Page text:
By Jonathan Vine – GIS Maths Teacher
It is almost universally accepted that maths is important. It takes pride of place in most countries curricula and is needed for a lot of the most sought after courses at top universities. It is also almost universally thought that maths is difficult.
First of all, everyone can do it. We all buy food from the shops, we all share things with others and we all solve problems in our day to day lives. Just because the maths isn’t implicit doesn’t mean we don’t do it.
It is easy to see where maths is important when it comes to calculation. Counting and adding are commonplace as well as division and multiplication. If you buy 4 apples at RM2 each, then they will be RM8 altogether. You use division every time you share something such as food or money.
This is all very well and good, but we also use maths in ways we probably don’t even realise. People will have different experiences with how efficient they become at calculation, but with computers and calculators freely available, those skills can be supported. It is the skill of problem-solving which plays the most important part in our lives as adults.
Problem-solving is something we do every day. The contexts can be as wide ranging as creating a fitness training programme, to working out a budget for the month – there will be many variables to take into account and you will take a set path to solve the problem and achieve your goal. The skills you use to solve these problems are the skills taught through mathematics. Problem-solving requires you to utilise the maths you already know and apply it to new situations. You may even make new discoveries when working through the problem. You use skills such as systematic thinking, to work through a task logically and in a set order. You also use reasoning to use concepts that you are familiar with but in unfamiliar situations. People often moan about Algebra saying it is not relevant in our everyday lives. I would beg to differ. Algebra is so much more than being about letters. At a basic level, it is about finding a missing number; you need to use the maths you have learned in order to find the missing number. It is this idea of finding a missing variable, which is used almost every day. For example, how much money will I have left over after buying a haircut, how many party bags will I need for my child’s party, how much time will I have at the shops if it takes 20 minutes to get there and I have a dinner reservation at 5 pm?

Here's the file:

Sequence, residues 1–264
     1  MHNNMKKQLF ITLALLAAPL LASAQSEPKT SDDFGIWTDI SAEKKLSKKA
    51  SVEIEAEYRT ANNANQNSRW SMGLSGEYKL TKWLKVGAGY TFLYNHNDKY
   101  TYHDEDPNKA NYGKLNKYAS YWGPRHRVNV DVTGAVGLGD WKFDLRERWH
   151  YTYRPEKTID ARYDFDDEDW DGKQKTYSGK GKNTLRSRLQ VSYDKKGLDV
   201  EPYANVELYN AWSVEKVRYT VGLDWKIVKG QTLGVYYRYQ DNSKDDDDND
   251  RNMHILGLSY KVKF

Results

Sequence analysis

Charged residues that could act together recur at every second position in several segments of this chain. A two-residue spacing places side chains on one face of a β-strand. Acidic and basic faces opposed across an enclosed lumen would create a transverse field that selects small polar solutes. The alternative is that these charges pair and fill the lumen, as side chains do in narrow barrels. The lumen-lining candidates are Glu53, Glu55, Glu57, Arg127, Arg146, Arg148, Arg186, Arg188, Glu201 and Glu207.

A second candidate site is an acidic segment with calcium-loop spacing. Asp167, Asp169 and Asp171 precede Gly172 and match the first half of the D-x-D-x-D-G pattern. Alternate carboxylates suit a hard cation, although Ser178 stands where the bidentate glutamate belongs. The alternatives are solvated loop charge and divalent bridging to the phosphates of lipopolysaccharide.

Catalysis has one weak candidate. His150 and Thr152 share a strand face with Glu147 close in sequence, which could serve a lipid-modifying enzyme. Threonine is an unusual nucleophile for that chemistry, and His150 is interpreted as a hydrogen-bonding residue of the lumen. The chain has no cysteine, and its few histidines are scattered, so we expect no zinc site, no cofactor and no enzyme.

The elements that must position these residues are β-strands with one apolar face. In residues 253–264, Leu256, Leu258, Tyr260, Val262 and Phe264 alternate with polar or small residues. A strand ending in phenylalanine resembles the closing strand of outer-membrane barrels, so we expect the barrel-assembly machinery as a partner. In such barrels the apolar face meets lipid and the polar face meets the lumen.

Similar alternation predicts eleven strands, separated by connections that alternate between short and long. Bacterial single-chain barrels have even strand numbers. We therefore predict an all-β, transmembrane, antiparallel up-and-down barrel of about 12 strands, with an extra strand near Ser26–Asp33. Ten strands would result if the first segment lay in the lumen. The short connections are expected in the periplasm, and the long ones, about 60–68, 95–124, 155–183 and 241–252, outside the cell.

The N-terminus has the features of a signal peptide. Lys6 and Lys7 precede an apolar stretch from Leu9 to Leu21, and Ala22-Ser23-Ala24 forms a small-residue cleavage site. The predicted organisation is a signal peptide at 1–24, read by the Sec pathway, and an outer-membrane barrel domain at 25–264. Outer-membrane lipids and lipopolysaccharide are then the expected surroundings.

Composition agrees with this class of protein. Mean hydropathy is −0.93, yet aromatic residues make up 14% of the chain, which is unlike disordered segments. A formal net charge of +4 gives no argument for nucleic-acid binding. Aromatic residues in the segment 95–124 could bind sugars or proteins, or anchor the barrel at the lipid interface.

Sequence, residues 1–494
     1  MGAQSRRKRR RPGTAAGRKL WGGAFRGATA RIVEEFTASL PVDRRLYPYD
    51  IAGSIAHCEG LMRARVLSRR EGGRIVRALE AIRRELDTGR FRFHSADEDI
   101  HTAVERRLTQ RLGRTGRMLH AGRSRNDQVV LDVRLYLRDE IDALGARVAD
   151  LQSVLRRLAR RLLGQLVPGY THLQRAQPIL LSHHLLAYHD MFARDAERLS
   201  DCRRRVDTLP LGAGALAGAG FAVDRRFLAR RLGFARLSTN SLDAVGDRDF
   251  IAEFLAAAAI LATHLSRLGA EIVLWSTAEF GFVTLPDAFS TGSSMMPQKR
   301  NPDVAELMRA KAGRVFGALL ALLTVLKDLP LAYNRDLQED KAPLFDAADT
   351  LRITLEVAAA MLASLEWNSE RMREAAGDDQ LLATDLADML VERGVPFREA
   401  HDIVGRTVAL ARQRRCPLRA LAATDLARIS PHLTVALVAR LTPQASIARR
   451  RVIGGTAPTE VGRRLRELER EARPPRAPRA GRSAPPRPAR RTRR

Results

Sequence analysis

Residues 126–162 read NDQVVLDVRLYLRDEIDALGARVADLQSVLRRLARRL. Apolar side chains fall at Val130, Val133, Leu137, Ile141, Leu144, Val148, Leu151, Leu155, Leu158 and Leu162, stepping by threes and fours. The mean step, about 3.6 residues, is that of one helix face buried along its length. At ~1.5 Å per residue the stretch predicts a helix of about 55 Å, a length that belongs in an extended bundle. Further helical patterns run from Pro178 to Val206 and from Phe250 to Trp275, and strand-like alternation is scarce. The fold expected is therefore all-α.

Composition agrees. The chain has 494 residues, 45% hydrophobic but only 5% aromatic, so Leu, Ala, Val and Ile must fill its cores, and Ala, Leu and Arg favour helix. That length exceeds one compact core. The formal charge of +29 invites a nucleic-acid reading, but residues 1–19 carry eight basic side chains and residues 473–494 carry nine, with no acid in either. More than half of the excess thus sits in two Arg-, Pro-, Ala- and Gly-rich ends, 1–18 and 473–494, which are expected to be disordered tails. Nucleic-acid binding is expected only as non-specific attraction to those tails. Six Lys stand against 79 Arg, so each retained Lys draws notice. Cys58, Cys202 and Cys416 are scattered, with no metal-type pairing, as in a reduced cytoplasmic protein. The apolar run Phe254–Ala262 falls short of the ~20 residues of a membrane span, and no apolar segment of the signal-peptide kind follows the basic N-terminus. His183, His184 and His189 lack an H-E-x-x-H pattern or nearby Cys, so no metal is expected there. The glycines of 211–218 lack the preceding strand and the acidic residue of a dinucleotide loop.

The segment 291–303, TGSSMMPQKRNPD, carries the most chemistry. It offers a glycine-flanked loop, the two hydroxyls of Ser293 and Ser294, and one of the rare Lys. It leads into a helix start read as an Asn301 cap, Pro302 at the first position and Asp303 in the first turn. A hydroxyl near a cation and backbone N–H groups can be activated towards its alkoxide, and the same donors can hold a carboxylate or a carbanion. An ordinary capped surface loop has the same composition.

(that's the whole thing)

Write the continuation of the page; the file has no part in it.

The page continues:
These skills are so important to all of us in our lives, and as such should underpin everything we learn in school. At GIS we try to link the maths we learn to real life problems. This way, the maths isn’t learned in isolation and children are required to transfer their learning to other areas of the curriculum, just like we have to in adult life. We give the children a lot of opportunities for problem-solving which requires them to work systematically and use the maths they know to find meaningful solutions. Again, these are skills they will need in everyday life.
To summarise, a strong understanding of the role of calculations in mathematics is important to help us with the practical aspects of our lives. A strong knowledge of problem-solving and strategies for approaching problems is something that is vital to almost every aspect of our lives as adults and as such the importance of problem-solving cannot be understated.